Consultation Paper No. 1 of 2015: Application of English Law Regulations

On 6 January 2015, the Abu Dhabi Global Market (“ADGM”), the newly created free-zone and international financial centre located on Al Maryah Islands, Abu Dhabi, issued six consultation papers proposing new legislation for ADGM. This Client Alert provides an analysis of the proposals set out in Consultation Paper No. 1 of 2015 relating to the Application of English Law Regulations (the “Regulations”).

Application of English common law

Under the Regulations, English common law shall constitute the underlying legal framework of the ADGM. This will mean that matters such as contracts, tort, equitable remedies, unjust enrichment, damages, conflict of laws, security and personal property will be governed by English common law. This will be supplemented by various English statutes which adjust or replace the common law in England & Wales.

Specific laws will also be enacted in the ADGM to deal with different areas such as companies, employment and insolvency.  As one would expect, these, together with any Abu Dhabi law which is made specifically applicable to the ADGM, will take priority over any inconsistent principle of English common law. The application of English common law will also be subject to such modification as may be required by the circumstances of the ADGM—a sensible caveat.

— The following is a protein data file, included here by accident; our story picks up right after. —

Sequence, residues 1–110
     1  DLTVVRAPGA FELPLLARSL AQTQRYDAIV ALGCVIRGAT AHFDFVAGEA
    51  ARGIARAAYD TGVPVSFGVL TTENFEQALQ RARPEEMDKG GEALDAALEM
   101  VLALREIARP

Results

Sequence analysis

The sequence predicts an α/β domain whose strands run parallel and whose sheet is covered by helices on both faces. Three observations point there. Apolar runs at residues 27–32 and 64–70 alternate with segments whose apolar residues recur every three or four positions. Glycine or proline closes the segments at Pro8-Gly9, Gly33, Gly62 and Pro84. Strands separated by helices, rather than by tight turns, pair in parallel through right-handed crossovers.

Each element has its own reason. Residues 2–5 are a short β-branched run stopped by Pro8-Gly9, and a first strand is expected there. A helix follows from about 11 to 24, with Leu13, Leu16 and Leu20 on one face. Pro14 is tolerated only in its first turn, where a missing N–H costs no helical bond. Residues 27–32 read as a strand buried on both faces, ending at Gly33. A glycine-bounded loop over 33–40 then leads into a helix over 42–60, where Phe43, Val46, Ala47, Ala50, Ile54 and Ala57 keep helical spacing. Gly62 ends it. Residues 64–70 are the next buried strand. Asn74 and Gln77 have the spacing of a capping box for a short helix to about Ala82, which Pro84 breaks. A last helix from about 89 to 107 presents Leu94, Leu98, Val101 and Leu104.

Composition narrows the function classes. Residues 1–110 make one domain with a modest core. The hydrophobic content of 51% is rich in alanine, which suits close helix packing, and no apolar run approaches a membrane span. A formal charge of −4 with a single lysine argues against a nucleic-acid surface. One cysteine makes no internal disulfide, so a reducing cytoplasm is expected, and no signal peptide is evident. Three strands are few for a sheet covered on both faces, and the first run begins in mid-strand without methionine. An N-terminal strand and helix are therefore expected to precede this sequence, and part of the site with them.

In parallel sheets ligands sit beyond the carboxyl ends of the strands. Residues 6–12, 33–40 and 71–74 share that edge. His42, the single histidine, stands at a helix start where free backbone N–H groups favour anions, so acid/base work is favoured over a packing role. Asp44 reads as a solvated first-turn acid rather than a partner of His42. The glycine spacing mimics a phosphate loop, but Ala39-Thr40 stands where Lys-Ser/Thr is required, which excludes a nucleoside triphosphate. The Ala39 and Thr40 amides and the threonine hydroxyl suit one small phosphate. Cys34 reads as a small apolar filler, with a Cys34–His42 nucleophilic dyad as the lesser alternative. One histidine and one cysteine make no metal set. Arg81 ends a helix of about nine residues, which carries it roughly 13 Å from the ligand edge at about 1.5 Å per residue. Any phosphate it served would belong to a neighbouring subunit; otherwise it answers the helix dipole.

The Courts

The Regulations give some indication as to how the ADGM Courts are likely to operate. In particular, decisions of the UK Supreme Court will be binding on the ADGM Courts but parties will not be able to appeal judgments of the ADGM Courts to the UK Supreme Court.

One may expect that given that the ADGM Courts will be applying English common law, at least some of the Judges are likely to be senior Judges or practitioners from England & Wales or other common law jurisdictions.


By embracing an English common law framework, it appears that ADGM is endeavouring to secure the confidence of the international business community, as the Dubai International Financial Centre (“DIFC”) has done previously. It is however interesting to note that rather than adopt the model of the DIFC, which has codified certain principles of common law, the ADGM has looked further East to jurisdictions such as Hong Kong and Singapore, where English common law is applied directly. This is likely to mean that the law in the ADGM will develop in accordance with English law.  However, the carve-out enabling modification in accordance with local circumstances, will likely play an important role in ensuring that principles of English law are not applied where they would be incongruous or inappropriate.